The most detailed images have now been taken of the hyper-giant star, VY Canis Majoris, using the European Southern Observatory (ESO) Very Large Telescope. While the giant star prepares for its life-ending supernovae, astronomers have discovered new insights on the necessary processes gigantic stars — like VY Canis Majoris — go through before they meet their explosive demises.
The astronomers’ observations show how the unexpectedly large size of the particles of dust surrounding the star enable it to lose an enormous amount of mass as it begins to die.
To put things into perspective, the stellar goliath is 30-40 times larger than our Sun. So if we were to replace VY Canis Majoris with our Sun, it would reach out and encompass the orbit of Jupiter; VY Canis Majoris is also 300,000 times brighter than the Sun. The red hyper-giant is located in the constellation Canis Major, which is over 3,800 light-years away.
This video sequence takes you on a voyage from a broad vista of the sky into a close-up look at one of the biggest stars in the Milky Way, VY Canis Majoris. The final image comes from the SPHERE instrument on ESO’s Very Large Telescope in Chile:
Astronomers used an instrument called the Spectro-Polarimetric High-contrast Exoplanet Research instrument (SPHERE), which is on the Unit 3 Telescope. The adaptive optics system of this instrument corrects images to a higher degree than earlier adaptive optics systems. This allows features very close to bright sources of light to be seen in great detail, according to ESO.
Using SPHERE, astronomers were able to see how VY Canis Majoris was lighting up clouds of material that surround it. When the researchers used the ZIMPOL mode of SPHERE, they were able to see further into the heart of the cloud, which is made up of gas and dust, and were also able to see how the starlight was scattered and polarized by the surrounding material.
How the material in the upper atmospheres of these giant stars’ is pushed away into space before the host explodes has remained a mystery, until now. The most likely explanation has always been radiation pressure, which is the force that starlight exerts. Because this pressure is extremely weak, it relies on larger grains of dust; this ensure a broad enough surface area to have an appreciable effect.
The large grains of dust observed close to the star mean that the cloud can effectively scatter the star’s visible light and be pushed by the radiation pressure from the star. The size of the dust grains also means much of it is likely to survive the radiation produced by VY Canis Majoris’ inevitable dramatic demise as a supernova. This dust then contributes to the surrounding interstellar medium, feeding future generations of stars and encouraging them to form planets, ESO wrote.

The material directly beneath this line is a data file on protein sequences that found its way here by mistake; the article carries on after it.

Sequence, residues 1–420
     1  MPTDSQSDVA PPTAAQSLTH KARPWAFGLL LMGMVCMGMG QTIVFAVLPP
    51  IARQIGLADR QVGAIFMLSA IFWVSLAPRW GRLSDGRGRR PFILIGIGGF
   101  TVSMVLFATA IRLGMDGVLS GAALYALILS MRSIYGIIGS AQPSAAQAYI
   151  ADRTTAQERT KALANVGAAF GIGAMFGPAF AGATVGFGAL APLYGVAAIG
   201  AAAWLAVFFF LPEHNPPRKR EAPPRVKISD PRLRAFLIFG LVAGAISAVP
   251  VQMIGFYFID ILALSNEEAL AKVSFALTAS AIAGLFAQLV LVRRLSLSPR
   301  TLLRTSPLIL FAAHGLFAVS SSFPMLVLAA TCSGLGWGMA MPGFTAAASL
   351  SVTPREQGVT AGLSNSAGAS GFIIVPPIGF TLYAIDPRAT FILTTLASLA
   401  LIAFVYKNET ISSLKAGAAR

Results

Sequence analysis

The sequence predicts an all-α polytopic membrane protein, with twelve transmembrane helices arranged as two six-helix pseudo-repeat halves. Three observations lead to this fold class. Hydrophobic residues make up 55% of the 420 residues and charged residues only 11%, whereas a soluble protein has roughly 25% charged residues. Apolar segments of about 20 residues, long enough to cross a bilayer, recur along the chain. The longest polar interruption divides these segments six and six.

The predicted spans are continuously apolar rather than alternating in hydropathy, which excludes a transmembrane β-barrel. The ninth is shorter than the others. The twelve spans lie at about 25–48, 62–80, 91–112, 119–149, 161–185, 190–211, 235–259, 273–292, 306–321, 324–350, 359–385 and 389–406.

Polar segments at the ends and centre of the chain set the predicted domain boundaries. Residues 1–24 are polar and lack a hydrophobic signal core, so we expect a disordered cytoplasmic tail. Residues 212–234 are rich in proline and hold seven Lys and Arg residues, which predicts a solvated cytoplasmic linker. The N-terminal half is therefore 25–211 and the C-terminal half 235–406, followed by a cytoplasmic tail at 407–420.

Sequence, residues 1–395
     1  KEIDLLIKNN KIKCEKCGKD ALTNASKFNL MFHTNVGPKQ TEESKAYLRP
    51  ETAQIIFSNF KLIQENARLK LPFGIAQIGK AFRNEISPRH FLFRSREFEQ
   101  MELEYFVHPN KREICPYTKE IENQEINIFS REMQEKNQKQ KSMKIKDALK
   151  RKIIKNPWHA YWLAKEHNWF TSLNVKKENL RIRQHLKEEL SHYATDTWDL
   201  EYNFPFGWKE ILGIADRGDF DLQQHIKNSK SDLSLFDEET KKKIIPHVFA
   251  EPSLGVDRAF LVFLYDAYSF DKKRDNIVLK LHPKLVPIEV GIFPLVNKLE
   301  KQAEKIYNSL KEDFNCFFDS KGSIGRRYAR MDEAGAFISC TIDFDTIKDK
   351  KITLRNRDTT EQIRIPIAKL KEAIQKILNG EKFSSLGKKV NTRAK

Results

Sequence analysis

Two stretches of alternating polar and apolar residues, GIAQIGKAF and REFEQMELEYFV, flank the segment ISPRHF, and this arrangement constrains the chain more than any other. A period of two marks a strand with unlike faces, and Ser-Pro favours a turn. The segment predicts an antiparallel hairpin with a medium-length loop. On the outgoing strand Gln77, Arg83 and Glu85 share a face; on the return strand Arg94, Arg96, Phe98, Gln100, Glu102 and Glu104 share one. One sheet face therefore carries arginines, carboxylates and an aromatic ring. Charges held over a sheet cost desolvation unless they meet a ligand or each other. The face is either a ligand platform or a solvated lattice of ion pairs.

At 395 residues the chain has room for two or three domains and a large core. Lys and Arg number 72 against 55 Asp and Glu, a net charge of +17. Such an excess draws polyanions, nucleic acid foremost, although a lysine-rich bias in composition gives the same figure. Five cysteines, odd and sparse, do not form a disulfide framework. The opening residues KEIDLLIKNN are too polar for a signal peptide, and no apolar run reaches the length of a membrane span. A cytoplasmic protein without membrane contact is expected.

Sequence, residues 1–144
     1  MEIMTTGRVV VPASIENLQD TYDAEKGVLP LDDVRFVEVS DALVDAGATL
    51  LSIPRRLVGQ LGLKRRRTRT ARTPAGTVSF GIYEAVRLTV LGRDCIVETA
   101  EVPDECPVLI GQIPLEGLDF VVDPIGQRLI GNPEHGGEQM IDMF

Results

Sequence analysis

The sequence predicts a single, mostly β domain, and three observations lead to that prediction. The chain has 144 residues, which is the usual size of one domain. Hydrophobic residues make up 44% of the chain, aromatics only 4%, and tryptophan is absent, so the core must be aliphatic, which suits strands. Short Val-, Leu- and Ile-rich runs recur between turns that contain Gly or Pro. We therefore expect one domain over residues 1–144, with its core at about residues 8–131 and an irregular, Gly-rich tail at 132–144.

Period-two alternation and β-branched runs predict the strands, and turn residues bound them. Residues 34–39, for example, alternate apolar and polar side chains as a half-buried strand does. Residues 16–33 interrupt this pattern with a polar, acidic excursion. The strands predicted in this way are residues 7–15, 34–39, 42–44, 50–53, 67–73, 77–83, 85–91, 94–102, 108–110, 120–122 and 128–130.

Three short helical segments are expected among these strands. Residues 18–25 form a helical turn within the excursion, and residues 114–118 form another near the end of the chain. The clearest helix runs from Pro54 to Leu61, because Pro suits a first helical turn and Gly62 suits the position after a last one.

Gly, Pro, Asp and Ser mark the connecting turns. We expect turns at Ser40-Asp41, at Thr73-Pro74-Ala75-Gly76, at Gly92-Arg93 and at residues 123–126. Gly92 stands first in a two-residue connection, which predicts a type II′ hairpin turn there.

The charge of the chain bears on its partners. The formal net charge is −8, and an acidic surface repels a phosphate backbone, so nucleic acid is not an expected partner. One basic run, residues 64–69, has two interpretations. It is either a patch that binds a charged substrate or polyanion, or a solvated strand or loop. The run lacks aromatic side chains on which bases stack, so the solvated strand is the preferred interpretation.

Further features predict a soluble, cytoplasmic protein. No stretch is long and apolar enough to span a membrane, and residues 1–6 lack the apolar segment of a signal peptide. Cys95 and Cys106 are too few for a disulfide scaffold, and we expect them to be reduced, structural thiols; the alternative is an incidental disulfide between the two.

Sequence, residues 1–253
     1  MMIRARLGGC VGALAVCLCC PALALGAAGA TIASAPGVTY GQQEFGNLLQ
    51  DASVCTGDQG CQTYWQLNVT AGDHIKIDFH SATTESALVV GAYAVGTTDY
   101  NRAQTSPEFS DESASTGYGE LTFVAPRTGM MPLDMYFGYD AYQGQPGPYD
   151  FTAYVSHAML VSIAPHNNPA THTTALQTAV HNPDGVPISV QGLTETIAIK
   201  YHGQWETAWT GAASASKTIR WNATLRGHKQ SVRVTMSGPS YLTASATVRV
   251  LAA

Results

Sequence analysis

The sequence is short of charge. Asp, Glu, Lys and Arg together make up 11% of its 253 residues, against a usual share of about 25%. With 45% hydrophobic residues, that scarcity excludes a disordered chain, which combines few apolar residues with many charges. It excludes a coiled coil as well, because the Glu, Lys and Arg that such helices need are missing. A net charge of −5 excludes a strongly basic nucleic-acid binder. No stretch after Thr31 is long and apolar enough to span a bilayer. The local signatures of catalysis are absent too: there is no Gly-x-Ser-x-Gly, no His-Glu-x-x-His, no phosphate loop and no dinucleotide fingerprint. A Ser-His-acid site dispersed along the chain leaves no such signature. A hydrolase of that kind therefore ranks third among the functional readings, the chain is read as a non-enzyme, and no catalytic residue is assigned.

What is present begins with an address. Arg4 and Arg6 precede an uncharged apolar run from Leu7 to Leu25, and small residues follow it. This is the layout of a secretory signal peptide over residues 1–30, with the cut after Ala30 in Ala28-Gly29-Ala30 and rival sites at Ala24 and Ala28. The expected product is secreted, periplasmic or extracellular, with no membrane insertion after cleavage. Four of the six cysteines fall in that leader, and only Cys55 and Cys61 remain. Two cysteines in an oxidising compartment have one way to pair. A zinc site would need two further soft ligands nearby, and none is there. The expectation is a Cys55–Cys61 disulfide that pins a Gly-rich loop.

Peter Scicluna, from the Academia Sinica Institute for Astronomy and Astrophysics in Taiwan, and lead author of a new paper that will be published in the journal Astronomy & Astrophysics, wrote in an press release:
“Careful analysis of the polarization results revealed these grains of dust to be comparatively large particles, 0.5 micrometers across, which may seem small, but grains of this size are about 50 times larger than the dust normally found in interstellar space.”
The ESO notes: “The dust particles must be large enough to ensure the starlight can push it, but not so large that it simply sinks. Too small, and the starlight would effectively pass through the dust; too large, and the dust would be too heavy to push. The dust the team observed about VY Canis Majoris was precisely the right size to be most effectively propelled outwards by the starlight.”
Every year, VY Canis Majoris loses 30 times the mass of the Earth, expelled from its surface in the form of dust and gas through its expansion. The cloud of material is then pushed outward before the star explodes.
After the powerful supernova blast, some of the dust is destroyed, with the rest being forced out into space.
This leftover material, and the heavier elements that were created during the supernova explosion, will then be used by the next generation of stars.
“Massive stars live short lives,” says Scicluna. “When they near their final days, they lose a lot of mass. In the past, we could only theorize about how this happened. But now, with the new SPHERE data, we have found large grains of dust around this hyper-giant. These are big enough to be pushed away by the star’s intense radiation pressure, which explains the star’s rapid mass loss.”
VY Canis Majoris will eventually build up enough heavier elements at its core to implode; scientists believe it will likely take hundreds of thousands of years. During the massive supernova, it will be seen from Earth, and may be as bright as the moon.